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H[. G. Wells--The Invisible Man

H[. G. Wells--The Invisible Man

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Published by: dayanand_shetake on Feb 25, 2010
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01/19/2013

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THE INVISIBLE MANBY: H.G. WELLSCATEGORY: FICTION -- SCIENCE FICTION / FANTASYThe Invisible ManA Grotesque RomanceBy H.G. WellsCONTENTSI The strange Man's ArrivalII Mr. Teddy Henfrey's first ImpressionsIII The thousand and one BottlesIV Mr. Cuss interviews the StrangerV The Burglary at the VicarageVI The Furniture that went madVII The Unveiling of the StrangerVIII In TransitIX Mr. Thomas MarvelX Mr. Marvel's Visit to IpingXI In the "Coach and Horses"XII The invisible Man loses his TemperXIII Mr. Marvel discusses his ResignationXIV At Port StoweXV The Man who was runningXVI In the "Jolly Cricketers"XVII Dr. Kemp's VisitorXVIII The invisible Man sleepsXIX Certain first PrinciplesXX At the House in Great Portland StreetXXI In Oxford StreetXXII In the EmporiumXXIII In Drury LaneXXIV The Plan that failedXXV The Hunting of the invisible ManXXVI The Wicksteed MurderXXVII The Siege of Kemp's House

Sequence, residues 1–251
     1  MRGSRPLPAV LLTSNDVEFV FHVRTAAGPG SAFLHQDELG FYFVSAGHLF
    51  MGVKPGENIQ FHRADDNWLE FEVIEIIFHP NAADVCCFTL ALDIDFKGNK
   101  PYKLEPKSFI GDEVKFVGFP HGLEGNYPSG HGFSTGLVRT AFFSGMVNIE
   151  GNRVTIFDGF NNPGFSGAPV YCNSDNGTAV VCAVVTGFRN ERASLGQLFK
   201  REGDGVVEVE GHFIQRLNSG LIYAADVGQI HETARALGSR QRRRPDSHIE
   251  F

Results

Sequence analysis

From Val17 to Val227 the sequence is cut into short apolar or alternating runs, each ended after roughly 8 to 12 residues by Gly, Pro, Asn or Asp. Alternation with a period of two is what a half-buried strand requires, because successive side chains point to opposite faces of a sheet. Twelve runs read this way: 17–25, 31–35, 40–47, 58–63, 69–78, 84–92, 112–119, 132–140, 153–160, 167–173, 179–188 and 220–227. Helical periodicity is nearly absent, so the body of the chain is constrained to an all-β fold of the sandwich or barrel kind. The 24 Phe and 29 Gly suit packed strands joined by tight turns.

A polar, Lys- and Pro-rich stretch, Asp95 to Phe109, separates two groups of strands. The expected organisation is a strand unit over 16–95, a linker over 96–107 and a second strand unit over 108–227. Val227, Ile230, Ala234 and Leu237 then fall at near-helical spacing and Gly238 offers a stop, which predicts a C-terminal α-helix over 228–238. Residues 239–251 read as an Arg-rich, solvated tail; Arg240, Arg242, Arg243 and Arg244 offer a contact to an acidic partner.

XXVIII The Hunter huntedThe EpilogueCHAPTER ITHE STRANGE MAN'S ARRIVALThe stranger came early in February, one wintry day, through abiting wind and a driving snow, the last snowfall of the year, overthe down, walking from Bramblehurst railway station, and carrying alittle black portmanteau in his thickly gloved hand. He was wrappedup from head to foot, and the brim of his soft felt hat hid everyinch of his face but the shiny tip of his nose; the snow had pileditself against his shoulders and chest, and added a white crest tothe burden he carried. He staggered into the "Coach and Horses" moredead than alive, and flung his portmanteau down. "A fire," he cried,"in the name of human charity! A room and a fire!" He stamped andshook the snow from off himself in the bar, and followed Mrs. Hallinto her guest parlour to strike his bargain. And with that muchintroduction, that and a couple of sovereigns flung upon the table,he took up his quarters in the inn.Mrs. Hall lit the fire and left him there while she went to preparehim a meal with her own hands. A guest to stop at Iping in thewintertime was an unheard-of piece of luck, let alone a guest whowas no "haggler," and she was resolved to show herself worthy of hergood fortune. As soon as the bacon was well under way, and Millie,her lymphatic aid, had been brisked up a bit by a few deftly chosenexpressions of contempt, she carried the cloth, plates, and glassesinto the parlour and began to lay them with the utmost eclat.Although the fire was burning up briskly, she was surprised to seethat her visitor still wore his hat and coat, standing with his backto her and staring out of the window at the falling snow in the yard.His gloved hands were clasped behind him, and he seemed to be lostin thought. She noticed that the melting snow that still sprinkledhis shoulders dripped upon her carpet. "Can I take your hat and coat,sir?" she said, "and give them a good dry in the kitchen?""No," he said without turning.She was not sure she had heard him, and was about to repeat herquestion.He turned his head and looked at her over his shoulder. "I prefer to

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